He had not been head of the Royal Society for long when he began to hear about a German astronomer who was working in the city of Bath. William Herschel had come to England from Hanover to perform music and would eventually conduct an orchestra. But he had a passion for astronomy that led to a talent for constructing telescopes. Eventually he built a seven-foot-long model so powerful that in 1781 he became the first man since Ptolemy a millennium and a half before him to add a planet to the solar system. It was Uranus. Banks got him the Copley Gold Medal from the Royal Society and became his avid benefactor. William’s much younger sister, Caroline, had moved to England from Hanover to live with him nearly a decade earlier. She began to assist him with his astronomical observations, and together they began to sweep the heavens with his powerful telescopes, creating maps that would help alter the world’s perception of the size of the universe. By 1786 she would achieve international recognition for her discovery of the first of eight comets that she would find.

Together, the Herschels created an interest in astronomy that captured the imagination of England’s educated classes, from the Hanoverian British king to two little boys who would one day be among British Romanticism’s brightest literary lights. Coleridge later remembered when his father, a clergyman who kept up with the serious magazines of the day, took him out at age eight into a field at night to show him the stars and the planets, emphasizing their tremendous size and distance. Keats would remember a game at school in which all the boys would stand in for the planets and moons of the solar system and then, according to Holmes, would whirl “round the playground in a huge choreographed dance.”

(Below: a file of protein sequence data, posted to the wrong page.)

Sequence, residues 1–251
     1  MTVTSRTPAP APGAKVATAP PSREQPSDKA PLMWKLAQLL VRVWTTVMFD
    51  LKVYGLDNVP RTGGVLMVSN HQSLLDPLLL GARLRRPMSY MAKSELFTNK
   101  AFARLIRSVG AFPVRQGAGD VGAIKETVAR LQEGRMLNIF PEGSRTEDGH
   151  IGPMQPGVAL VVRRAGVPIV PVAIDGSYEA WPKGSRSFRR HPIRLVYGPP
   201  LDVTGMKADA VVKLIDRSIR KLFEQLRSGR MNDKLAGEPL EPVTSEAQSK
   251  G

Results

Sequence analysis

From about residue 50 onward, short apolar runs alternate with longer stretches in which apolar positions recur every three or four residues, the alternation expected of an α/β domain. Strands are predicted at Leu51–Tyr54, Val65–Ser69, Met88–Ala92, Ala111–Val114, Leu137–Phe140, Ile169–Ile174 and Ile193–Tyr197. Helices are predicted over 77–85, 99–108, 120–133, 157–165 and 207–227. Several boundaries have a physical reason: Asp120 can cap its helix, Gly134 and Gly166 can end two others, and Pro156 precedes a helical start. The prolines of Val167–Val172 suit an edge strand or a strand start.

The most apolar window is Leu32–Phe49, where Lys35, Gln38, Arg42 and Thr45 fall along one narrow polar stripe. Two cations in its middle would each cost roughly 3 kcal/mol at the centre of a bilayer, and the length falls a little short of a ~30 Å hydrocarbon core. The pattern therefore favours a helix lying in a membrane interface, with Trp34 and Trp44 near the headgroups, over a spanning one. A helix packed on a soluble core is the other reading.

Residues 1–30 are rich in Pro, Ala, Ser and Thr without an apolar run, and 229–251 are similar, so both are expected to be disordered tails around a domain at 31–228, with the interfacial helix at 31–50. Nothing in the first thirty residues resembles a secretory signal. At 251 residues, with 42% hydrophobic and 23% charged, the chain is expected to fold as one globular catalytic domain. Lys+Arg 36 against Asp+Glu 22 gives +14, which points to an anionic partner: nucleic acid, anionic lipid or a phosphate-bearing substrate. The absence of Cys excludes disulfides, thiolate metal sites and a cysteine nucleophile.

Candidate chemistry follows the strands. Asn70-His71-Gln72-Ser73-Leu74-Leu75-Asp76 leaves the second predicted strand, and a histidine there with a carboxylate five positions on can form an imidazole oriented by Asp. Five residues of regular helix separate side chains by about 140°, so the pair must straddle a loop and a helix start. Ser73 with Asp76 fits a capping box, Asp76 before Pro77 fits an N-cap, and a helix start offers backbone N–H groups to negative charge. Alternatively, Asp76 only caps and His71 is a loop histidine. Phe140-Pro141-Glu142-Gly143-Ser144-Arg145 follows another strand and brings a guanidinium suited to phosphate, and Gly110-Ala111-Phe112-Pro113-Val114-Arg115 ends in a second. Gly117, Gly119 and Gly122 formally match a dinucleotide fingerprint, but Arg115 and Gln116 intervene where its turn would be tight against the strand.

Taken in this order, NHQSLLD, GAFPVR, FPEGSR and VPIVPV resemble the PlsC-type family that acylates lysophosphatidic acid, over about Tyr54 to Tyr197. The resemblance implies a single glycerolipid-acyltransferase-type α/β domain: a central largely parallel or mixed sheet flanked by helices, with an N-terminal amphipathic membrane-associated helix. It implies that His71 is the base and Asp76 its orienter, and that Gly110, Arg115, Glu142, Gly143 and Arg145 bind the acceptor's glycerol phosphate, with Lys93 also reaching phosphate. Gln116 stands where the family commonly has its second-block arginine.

The last of Holmes’s principal characters is Humphry Davy, who in 1820 succeeded Banks as president of the Royal Society. A self-taught chemist from provincial Cornwall who also wrote poetry, Davy was such a prodigy in chemistry that Banks took notice of him when Davy was still in his early 20s. Even then, as Holmes puts it, Davy “believed passionately in his own ‘genius’—a word he used constantly—and in the future of English science. Banks sometimes concluded that Humphry Davy thought these two things were identical; and that very possibly he was right.” By the time Davy moved to London in 1801 to become a lecturer in chemistry at the Royal Institution, he had already conducted promising if somewhat zany experiments with gases, including nitrous oxide or laughing gas, and somehow just missed discovering the medical use of anesthesia some decades before it would come to be. He counted as a close friend the poet Robert Southey—also, Coleridge, who would attend Davy’s lectures in London “to enlarge my stock of metaphors.” Davy’s lectures sketched out a progressive view of science that would help make man the master of his own fate. He inspired a passage linking poetic imagination to scientific discovery in the Preface to Lyrical Ballads, the influential manifesto of literary Romanticism that Coleridge wrote with Wordsworth.